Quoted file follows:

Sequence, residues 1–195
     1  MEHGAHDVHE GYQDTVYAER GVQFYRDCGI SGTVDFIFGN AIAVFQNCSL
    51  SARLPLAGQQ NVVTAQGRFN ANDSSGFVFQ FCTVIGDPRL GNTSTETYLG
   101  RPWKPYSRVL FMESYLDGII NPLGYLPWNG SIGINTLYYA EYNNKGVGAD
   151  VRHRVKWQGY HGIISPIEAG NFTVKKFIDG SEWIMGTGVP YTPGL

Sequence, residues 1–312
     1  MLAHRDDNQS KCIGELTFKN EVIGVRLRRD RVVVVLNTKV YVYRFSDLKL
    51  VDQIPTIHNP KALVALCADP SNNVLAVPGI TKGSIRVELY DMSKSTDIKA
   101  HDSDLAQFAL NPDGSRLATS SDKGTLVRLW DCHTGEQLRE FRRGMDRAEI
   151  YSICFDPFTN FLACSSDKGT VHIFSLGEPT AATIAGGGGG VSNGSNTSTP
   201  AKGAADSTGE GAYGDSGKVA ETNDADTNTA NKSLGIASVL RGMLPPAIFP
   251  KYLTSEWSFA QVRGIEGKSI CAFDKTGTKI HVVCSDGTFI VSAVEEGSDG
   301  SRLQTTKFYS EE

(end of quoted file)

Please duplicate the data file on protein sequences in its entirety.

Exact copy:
Sequence, residues 1–195
     1  MEHGAHDVHE GYQDTVYAER GVQFYRDCGI SGTVDFIFGN AIAVFQNCSL
    51  SARLPLAGQQ NVVTAQGRFN ANDSSGFVFQ FCTVIGDPRL GNTSTETYLG
   101  RPWKPYSRVL FMESYLDGII NPLGYLPWNG SIGINTLYYA EYNNKGVGAD
   151  VRHRVKWQGY HGIISPIEAG NFTVKKFIDG SEWIMGTGVP YTPGL

Sequence, residues 1–312
     1  MLAHRDDNQS KCIGELTFKN EVIGVRLRRD RVVVVLNTKV YVYRFSDLKL
    51  VDQIPTIHNP KALVALCADP SNNVLAVPGI TKGSIRVELY DMSKSTDIKA
   101  HDSDLAQFAL NPDGSRLATS SDKGTLVRLW DCHTGEQLRE FRRGMDRAEI
   151  YSICFDPFTN FLACSSDKGT VHIFSLGEPT AATIAGGGGG VSNGSNTSTP
   201  AKGAADSTGE GAYGDSGKVA ETNDADTNTA NKSLGIASVL RGMLPPAIFP
   251  KYLTSEWSFA QVRGIEGKSI CAFDKTGTKI HVVCSDGTFI VSAVEEGSDG
   301  SRLQTTKFYS EE